Meanwhile, within the city, there are a number of factions vying for control. The government forces, including Freedom Force, are co-opted by a man called Father Time into the Super-Heroes Advanced Defence Executive, with orders to find out how people are escaping. A former drug lord has taken control of other parts of the city as the Black Baron. Finally, and most mysteriously, a group known as the Atomic Knights have both helped people out of the city and appointed themselves the city’s defenders.

When Firebrand persuades the Titans to enter the city, the stage is set for a battle royale, as Father Time brings in a group of government operatives that have taken the names and costumes of the deceased Freedom Fighters to battle them.

And Captain Atom? Well, it is revealed that he had appeared over Bludhaven, but his containment suit was damaged, and the Knights have to place him in a new suit – one very familiar to fans of DC comics in the late eighties…

Does the series work? In some ways yes, in others no. Take the character of Father Time for example – he is depicted here as an old white man, but in the Seven Soldiers series he first appeared in he was a young black man. Although this was eventually explained, it did cause some confusion.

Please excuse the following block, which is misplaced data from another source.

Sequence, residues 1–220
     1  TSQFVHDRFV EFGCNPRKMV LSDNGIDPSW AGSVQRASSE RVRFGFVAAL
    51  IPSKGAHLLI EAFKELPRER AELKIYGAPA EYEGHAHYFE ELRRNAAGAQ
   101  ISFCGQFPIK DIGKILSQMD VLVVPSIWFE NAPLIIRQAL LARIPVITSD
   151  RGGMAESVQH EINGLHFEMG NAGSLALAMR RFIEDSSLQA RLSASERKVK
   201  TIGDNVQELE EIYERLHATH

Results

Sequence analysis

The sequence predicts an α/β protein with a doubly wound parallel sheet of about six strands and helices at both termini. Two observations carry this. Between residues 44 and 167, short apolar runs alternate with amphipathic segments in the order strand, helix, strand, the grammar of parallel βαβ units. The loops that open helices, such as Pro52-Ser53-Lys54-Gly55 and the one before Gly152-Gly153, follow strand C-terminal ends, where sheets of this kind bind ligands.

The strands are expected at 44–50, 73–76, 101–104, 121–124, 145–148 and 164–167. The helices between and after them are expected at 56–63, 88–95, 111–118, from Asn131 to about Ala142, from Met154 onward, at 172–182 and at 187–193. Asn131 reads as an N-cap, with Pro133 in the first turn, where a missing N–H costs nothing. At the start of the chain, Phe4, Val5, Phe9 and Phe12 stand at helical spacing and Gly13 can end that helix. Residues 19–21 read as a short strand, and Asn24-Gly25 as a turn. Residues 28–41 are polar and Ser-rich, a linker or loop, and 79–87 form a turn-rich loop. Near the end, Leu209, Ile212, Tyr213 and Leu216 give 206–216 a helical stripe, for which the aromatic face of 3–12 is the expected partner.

Then there’s Captain Atom. Forced to wear the new containment suit, he becomes the being known as The Monarch, takes his revenge on one of his greatest enemies in Major Force, and then destroys what is left of the city in an atomic blast. Later series would explore what happened further, but to me it ruined what had been established in the Wildstorm series about his character.

On the other hand, the re-introduction of the Atomic Knights to the New Earth was handled well, and definitely raised more questions than answers – especially when they escaped the devastation of the city by Monarch by retreating to Command Bunker D. It was left to Grant Morrison to pick up those threads in Final Crisis.

Father Time, Firebrand, and many of the other characters would move on to appear in the two Uncle Sam mini-series, of which more will be said in later columns.